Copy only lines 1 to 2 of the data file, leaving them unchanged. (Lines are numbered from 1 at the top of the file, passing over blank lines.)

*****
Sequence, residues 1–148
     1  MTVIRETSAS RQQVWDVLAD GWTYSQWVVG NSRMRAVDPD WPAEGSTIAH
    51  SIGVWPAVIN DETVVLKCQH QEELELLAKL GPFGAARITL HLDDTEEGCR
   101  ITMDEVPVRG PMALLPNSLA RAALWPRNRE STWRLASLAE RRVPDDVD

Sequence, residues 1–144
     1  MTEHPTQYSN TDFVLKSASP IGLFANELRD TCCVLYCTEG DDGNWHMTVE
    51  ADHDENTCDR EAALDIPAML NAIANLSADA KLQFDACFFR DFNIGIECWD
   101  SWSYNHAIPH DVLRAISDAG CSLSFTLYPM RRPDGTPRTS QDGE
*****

Sequence, residues 1–148
     1  MTVIRETSAS RQQVWDVLAD GWTYSQWVVG NSRMRAVDPD WPAEGSTIAH